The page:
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Growing Israeli frozen food industry: it's a lot more than kosher cooking.

Growing Israeli Frozen Food Industry: It's a Lot More than Kosher Cooking

Producers increasingly look for export markets to absorb rising tonnage of added value fare ranging from vegetable mixes to orange juice to pizza.

As the Israeli frozen food industry enters the 1990s, it appears to have taken a quantum leap forward. Basically, this is because producers have hitched their wagons to technical innovation coupled with the quality imprimatur of their products. With capacities building, the development of export markets is being honed more than ever.

While there are millions of Jewish consumers in the United States and Europe, many of whom conform to strict religious dietary laws, Israeli producers do not wish to target their products only to a limited ethnic minority. It is their intention to reach the consumer at large.

Sunfrost, probably the leading frozen food company in the Jewish state, epitomizes this trend. And Eli Davidai, vice president of marketing, is typical of the new breed of manager who brings an international prespective to the business.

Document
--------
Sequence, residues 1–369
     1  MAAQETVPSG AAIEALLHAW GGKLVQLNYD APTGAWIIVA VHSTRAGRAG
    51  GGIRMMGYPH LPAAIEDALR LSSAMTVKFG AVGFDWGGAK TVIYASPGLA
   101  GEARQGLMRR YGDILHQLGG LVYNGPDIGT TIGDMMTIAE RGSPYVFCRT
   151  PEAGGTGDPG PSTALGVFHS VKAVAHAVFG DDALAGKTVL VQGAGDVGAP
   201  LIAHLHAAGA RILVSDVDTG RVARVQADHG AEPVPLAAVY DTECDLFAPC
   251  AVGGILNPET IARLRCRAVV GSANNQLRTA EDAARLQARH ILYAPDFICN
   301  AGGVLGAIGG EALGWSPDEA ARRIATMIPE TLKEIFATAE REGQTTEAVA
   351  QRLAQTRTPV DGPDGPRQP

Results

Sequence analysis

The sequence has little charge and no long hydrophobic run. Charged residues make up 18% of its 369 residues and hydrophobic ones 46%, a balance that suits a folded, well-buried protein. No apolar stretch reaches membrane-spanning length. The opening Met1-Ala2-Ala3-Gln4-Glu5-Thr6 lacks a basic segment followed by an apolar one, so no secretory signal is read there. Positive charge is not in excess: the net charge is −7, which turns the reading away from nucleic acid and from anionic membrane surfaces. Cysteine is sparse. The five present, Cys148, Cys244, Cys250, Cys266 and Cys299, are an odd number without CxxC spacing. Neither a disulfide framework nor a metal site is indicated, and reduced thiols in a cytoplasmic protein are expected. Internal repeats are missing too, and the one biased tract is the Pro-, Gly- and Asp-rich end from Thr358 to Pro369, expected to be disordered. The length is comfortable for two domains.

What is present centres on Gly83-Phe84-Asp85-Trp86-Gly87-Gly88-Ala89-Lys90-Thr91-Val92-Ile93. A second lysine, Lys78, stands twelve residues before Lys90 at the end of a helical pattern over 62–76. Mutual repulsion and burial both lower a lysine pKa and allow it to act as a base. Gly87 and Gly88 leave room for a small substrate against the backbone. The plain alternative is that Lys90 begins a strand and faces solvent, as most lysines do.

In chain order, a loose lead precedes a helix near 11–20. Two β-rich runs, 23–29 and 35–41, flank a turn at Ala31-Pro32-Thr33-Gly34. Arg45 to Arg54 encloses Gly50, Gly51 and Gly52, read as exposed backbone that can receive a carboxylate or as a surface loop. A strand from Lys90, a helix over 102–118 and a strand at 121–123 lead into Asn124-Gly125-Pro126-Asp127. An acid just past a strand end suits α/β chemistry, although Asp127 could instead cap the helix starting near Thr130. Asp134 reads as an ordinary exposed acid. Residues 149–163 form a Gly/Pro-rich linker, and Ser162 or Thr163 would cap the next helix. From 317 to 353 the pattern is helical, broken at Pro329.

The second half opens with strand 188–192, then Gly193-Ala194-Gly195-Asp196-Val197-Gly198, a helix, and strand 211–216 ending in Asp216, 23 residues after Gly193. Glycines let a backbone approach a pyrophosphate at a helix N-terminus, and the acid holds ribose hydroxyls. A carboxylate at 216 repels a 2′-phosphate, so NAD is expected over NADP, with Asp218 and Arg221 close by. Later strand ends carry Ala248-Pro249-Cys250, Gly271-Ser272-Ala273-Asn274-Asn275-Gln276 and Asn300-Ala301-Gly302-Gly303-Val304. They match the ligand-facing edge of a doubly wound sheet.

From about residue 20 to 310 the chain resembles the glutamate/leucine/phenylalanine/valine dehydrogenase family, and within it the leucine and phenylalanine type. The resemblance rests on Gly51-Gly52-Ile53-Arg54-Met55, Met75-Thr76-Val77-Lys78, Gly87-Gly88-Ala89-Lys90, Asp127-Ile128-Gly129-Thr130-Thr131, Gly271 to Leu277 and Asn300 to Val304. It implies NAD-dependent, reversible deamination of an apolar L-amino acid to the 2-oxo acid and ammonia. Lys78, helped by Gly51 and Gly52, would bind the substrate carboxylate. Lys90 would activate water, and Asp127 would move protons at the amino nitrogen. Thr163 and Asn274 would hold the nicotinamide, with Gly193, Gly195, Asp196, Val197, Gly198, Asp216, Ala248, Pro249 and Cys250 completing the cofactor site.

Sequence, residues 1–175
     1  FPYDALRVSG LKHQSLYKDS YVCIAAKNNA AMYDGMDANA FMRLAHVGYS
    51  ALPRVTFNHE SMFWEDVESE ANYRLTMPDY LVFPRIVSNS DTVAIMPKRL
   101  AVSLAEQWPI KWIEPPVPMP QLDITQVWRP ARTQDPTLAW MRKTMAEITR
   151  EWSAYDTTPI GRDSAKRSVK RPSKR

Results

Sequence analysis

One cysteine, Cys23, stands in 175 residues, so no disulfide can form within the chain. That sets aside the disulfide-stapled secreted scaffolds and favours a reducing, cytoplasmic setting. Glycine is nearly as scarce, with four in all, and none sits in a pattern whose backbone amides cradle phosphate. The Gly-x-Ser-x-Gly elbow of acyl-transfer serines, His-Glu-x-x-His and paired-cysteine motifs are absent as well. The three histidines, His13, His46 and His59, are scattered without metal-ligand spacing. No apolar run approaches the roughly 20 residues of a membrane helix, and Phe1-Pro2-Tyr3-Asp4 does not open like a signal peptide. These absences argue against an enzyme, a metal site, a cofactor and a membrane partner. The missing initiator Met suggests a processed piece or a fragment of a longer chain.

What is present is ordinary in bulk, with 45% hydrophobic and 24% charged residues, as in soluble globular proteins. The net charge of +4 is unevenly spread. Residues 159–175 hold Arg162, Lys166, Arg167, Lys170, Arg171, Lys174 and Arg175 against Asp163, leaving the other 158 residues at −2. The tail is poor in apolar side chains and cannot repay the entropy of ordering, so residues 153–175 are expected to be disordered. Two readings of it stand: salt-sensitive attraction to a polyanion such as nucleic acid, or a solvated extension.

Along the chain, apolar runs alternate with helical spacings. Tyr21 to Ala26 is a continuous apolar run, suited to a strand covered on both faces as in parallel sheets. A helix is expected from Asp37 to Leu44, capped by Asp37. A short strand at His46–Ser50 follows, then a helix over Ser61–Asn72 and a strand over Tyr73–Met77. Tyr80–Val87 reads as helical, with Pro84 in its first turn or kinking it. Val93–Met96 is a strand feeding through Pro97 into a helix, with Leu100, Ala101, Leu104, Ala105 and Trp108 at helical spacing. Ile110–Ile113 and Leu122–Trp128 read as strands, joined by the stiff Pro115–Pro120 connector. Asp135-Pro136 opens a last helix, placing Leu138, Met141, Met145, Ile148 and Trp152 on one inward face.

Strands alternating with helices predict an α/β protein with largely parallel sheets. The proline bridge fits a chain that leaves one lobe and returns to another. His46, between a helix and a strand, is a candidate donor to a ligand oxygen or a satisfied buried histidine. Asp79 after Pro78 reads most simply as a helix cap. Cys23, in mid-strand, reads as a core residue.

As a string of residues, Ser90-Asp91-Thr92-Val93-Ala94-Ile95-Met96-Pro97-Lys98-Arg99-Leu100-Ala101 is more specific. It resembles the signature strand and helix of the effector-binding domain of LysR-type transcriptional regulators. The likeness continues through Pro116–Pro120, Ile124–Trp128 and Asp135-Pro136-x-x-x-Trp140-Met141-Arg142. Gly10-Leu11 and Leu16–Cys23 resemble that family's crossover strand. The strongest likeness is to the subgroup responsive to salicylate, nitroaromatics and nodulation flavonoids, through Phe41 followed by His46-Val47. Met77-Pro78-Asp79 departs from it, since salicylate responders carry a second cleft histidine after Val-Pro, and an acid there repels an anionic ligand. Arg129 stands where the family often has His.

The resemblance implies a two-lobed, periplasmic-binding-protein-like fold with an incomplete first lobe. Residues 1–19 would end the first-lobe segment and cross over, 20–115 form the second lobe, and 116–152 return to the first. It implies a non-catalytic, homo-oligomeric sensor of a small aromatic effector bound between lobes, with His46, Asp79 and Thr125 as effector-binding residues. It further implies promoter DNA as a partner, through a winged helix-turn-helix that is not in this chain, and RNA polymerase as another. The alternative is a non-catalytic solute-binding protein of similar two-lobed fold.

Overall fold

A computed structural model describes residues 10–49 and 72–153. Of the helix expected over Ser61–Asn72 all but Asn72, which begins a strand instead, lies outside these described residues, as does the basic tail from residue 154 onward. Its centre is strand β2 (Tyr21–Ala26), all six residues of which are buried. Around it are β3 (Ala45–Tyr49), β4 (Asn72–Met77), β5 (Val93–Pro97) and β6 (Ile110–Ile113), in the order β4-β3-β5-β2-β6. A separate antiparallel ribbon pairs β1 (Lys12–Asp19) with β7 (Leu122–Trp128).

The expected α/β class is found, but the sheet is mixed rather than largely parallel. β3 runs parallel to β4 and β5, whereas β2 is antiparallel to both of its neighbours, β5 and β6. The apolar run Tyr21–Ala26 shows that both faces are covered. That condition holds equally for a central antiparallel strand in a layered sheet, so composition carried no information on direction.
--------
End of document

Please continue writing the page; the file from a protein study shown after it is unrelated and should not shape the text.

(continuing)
With sales of $92 million last year --over 50% in exports, of which 46% was in private label -- it has placed particular emphasis on vegetable mixes and ethnic dishes. Chinese and Japanese vegetable combinations have recently been introduced to both home and overseas markets. Mixes with Middle Eastern orientations are now in the works.

For a retail chain in the United Kingdom, Sunfrost is supplying a vegetable mix based on a blanched red pepper which Davidai claims is the only one of its type on the world market. Meanwhile, Balkan mix (or Lecho) has established a niche for itself, while research and development is almost concluded on a Mexican blend. Davidai says that his is the only company to produce frozen organic corn in Israel, and the demand for it is growing rapidly. Soup sales remain high, with corn, minestrone and cauliflower recipes now in distribution. In addition, the company packs Italian minestrone, broccoli, mushroom and onion soup.

Some 24 new products were launched in 1989, and Sunfrost's growth was on the order of 7%. This year the company expects to export 2,000 tons of frozen carrots sourced in Kibbutz Nir Yitzhak in the Negev. Some $2.5 million is likely to be earned from sales primarily made in Japan, Australia, North America and Europe.

In other business, Sunfrost is buying from Osem the shares of the Madaanot frozen pastries company. The concern was originally started up as a joint venture by the Elite Co., Sunfrost and Osem, with Elite previously yielding its stake. Sales in 1989 were in the area of $8 million.

Gat Canneries

Gat Canneries of Givat Hayim, in the current growing year, has processed some 180,000 tons of citrus. This represents the highest figure in its history -- well ahead of the previous record of 110,000 tons. Some 75% of the citrus juices it packs for the retail and institutional trade is in frozen form, and 60% of that is bulk.